“Crooked Little Vein” is the type of novel that peels open your cerebral cortex and dumps a little anarchy in before sewing it shut, transforming your thoughts and realigning your sense of reality in a matter of pages.
Novels aren’t supposed to do that. Novels are supposed to entertain us; maybe play around with some serious ideas, if it’s a mainstream book. But above all else, novels are supposed to be safe comfort food, digestible. “Crooked Little Vein” is dangerous. It dares to be different. It dares to be literature.
You like your detective tales twisted, morally ambiguous and just plain fun? Author Warren Ellis has written one of the most bizarre yet accomplished debut novels of the decade.
Though it’s his first, Ellis has been around well over a decade, telling very good, sometimes very odd, but intelligent stories. Those unfamiliar with Ellis’ comics and graphic novels are in for quite a shock. What he does in “Crooked Little Vein” is light fare compared to his comics work (the search for Hitler porn; wine enemas).
But seeing those naked words stripped of dialogue balloons and supporting artwork is stunning and beautiful, a sort of madness prose, dripping with dark humor and inventiveness.
///NOTE on following graph: The writer is assuming readers know what “bukkake” is – let alone “Godzilla Bukkake.” I think the latter needs to be lightly defined. Based on a bit of Web research, I’m assuming it’s just a much-bigger version of the group-sex act in which a man/woman gets ejaculated upon (i.e., more people involved). Still, it might be good to include the exact number – or otherwise give a better sense of what this is.///
This novel supports my claim that all the great writers today are working in the comic book industry. Ever hear of bukkake? Ellis introduces us to Godzilla Bukkake, salt water-injected testicles and a heroin-addicted secretary of state. Only a writer whose background is in comics would tackle these subjects in quite the way that Ellis does.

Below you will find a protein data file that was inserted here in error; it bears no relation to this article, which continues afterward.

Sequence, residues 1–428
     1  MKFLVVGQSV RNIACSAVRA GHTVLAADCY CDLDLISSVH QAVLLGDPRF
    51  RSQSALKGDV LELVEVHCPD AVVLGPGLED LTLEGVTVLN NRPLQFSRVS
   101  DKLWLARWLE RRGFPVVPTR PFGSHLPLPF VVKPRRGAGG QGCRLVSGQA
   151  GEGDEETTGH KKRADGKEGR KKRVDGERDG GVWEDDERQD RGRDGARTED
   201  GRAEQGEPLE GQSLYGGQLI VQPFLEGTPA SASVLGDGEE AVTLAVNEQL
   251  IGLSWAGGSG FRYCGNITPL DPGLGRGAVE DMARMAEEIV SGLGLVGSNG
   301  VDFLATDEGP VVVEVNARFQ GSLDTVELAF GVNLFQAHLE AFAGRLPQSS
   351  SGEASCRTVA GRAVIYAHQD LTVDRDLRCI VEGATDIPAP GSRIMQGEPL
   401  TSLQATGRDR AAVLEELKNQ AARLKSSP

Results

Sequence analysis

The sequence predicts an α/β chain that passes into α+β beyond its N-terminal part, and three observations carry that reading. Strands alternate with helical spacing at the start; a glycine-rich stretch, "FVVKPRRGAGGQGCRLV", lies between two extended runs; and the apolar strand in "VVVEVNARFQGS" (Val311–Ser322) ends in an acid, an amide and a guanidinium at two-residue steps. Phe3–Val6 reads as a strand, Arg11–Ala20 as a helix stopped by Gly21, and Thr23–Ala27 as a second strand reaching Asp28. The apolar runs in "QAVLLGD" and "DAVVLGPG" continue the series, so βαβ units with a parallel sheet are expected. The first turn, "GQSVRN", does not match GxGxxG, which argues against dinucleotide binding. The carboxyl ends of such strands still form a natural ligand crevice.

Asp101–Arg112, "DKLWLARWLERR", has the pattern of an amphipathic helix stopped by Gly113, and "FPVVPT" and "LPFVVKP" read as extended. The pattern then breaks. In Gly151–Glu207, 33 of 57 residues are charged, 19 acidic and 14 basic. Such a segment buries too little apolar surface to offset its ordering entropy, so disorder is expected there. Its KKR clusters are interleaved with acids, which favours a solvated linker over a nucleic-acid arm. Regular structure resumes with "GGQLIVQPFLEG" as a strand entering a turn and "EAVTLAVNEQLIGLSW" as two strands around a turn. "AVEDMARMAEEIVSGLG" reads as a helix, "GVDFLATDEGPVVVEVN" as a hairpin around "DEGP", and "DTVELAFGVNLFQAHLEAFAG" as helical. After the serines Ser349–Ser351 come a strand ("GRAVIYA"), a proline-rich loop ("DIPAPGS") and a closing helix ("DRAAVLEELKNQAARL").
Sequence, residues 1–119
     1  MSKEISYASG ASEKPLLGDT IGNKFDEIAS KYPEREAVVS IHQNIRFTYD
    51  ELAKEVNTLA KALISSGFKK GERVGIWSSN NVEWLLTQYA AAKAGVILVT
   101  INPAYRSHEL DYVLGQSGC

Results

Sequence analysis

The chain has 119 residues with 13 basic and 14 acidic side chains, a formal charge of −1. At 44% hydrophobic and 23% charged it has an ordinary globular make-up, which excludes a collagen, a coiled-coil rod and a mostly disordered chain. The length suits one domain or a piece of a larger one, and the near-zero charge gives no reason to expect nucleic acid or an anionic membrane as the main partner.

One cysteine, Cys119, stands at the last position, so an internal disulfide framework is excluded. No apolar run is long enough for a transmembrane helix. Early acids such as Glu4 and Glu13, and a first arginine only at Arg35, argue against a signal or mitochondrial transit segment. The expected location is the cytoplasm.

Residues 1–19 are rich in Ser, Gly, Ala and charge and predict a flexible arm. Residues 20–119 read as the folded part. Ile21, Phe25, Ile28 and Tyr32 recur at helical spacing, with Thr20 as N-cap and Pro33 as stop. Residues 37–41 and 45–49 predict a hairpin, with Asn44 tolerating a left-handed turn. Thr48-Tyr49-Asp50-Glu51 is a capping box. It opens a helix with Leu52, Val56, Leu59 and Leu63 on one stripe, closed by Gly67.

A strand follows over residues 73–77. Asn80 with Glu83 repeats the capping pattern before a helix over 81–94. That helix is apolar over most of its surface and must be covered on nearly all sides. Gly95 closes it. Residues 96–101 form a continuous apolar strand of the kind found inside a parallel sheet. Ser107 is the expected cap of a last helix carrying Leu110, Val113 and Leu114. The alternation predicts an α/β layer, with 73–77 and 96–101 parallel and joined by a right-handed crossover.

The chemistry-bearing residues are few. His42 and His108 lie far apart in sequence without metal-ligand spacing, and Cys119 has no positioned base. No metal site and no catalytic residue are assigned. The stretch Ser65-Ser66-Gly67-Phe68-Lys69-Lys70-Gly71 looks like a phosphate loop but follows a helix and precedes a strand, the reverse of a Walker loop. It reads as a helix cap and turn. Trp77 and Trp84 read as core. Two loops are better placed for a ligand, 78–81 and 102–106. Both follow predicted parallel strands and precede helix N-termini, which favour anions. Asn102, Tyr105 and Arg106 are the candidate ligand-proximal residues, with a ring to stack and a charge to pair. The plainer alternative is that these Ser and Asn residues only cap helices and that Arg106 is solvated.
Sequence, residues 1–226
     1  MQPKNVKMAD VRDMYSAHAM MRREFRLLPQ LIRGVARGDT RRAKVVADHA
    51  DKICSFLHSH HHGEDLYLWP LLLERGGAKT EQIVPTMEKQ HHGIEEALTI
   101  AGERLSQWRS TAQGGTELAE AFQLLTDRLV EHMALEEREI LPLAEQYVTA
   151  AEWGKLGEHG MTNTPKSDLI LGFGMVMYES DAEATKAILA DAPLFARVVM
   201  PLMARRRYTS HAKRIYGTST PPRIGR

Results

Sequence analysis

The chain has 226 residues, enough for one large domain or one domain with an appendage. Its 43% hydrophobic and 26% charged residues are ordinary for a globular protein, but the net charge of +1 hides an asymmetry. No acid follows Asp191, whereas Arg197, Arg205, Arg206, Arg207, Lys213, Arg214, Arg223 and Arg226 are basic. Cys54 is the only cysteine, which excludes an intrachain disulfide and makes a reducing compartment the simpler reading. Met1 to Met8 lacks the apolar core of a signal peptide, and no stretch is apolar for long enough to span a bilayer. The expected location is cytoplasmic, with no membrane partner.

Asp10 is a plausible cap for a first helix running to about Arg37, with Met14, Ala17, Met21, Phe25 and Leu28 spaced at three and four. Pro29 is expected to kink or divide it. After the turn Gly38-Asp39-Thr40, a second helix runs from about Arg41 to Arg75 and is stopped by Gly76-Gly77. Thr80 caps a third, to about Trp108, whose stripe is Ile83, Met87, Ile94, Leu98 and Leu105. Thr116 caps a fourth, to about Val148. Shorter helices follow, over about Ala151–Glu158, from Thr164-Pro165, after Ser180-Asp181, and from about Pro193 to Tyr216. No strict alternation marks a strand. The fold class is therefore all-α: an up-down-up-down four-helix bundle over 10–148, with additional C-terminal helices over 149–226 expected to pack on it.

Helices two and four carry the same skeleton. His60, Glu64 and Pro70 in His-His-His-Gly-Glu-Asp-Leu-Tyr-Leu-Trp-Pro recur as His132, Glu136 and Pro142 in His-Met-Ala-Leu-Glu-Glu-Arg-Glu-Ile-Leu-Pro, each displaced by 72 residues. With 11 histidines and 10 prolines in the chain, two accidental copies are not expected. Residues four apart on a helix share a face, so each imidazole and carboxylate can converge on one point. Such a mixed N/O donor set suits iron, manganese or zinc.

Nor is he a stranger to the LGBT community. He created the comic “The Authority,” which has a gay superhero couple, Apollo and Midnighter, who could ram Superman into the ground with a single pinky. He’s used gay characters in “Global Frequency” (a TV series adaptation was supposed to arrive courtesy of the now-defunct WB; alas, the series never made it past the pilot stage). And a couple of gay characters make an appearance in the novel for more than just comic relief.
“Crooked Little Vein’s” story is straight-forward enough: Michael McGill, a down-on-his-luck private detective, is visited by the secretary of defense, who offers him a $500,000 retainer for locating the real Constitution. Apparently the one we’re using pales in comparison, since the original has invisible amendments, is wrapped in alien skin and has a special power to influence minds. It’s all about making a better America – so says the secretary of defense. And to get to it, McGill has to use his keen deductive talents as he explores the corrosive underbelly of the country.
Reluctantly, he takes the job and is plunged into a world that ultimately changes him by novel’s end. He meets Trix, a beautiful bisexual woman with three girlfriends and two boyfriends, who becomes a guide to the baser stirrings of the human condition.
There’s going to be a lot of talk about William S. Burroughs as an influence (the pure surrealism of the novel), and comparisons to author Raymond Chandler’s hard-boiled Philip Marlowe detective character certainly aren’t too far behind. The book has all the tropes of the detective novel with none of the self-parody and piles of crappiness familiar to most readers of the genre. Ellis takes a worn-out convention and gives it new threads.
Where many authors would ask the reader to tolerate 800 pages of (unneeded) subplot and exposition, Ellis gives a lean story that hurtles you through a strangely populated landscape – the journey far more fulfilling than the destination. “Crooked Little Vein” pulses with the oddest light, a dirty pretty thing, more than the sum of its parts, a true summer reading experience.
‘Crooked Little Vein’